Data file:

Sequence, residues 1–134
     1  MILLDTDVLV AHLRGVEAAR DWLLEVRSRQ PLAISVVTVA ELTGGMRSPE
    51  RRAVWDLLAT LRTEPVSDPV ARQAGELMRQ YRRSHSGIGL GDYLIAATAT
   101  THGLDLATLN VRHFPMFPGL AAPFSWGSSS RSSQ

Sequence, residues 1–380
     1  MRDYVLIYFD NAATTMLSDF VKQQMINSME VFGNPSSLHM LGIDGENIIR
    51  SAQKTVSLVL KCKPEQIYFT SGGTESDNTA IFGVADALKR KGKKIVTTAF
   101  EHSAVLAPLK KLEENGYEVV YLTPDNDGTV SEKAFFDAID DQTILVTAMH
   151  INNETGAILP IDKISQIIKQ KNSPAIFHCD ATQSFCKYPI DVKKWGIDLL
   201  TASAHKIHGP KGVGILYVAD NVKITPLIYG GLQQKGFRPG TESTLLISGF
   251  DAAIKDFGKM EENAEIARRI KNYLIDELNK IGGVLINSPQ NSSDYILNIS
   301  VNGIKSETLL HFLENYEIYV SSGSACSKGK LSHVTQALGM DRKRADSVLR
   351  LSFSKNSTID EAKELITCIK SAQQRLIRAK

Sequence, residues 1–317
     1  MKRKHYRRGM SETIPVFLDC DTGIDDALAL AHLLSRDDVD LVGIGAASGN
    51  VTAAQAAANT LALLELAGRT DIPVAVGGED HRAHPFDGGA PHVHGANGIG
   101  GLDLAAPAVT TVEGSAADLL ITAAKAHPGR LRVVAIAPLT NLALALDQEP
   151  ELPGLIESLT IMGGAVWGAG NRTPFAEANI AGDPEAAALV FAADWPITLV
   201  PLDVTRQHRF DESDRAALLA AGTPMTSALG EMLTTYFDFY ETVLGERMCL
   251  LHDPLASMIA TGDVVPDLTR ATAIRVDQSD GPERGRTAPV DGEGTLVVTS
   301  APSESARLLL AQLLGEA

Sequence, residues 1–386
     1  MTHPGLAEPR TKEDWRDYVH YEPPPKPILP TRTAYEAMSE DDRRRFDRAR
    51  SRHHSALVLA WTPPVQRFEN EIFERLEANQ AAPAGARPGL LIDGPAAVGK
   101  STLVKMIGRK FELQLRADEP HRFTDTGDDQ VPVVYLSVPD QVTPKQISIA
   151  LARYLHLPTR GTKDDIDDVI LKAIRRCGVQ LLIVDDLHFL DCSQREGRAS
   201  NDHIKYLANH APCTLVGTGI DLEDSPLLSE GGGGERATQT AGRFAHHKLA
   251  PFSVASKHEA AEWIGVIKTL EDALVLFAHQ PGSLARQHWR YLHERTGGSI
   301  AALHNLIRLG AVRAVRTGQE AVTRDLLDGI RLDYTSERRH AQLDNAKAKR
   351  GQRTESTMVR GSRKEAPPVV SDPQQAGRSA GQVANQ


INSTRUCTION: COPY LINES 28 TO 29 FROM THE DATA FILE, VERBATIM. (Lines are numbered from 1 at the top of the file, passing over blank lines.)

   251  PFSVASKHEA AEWIGVIKTL EDALVLFAHQ PGSLARQHWR YLHERTGGSI
   301  AALHNLIRLG AVRAVRTGQE AVTRDLLDGI RLDYTSERRH AQLDNAKAKR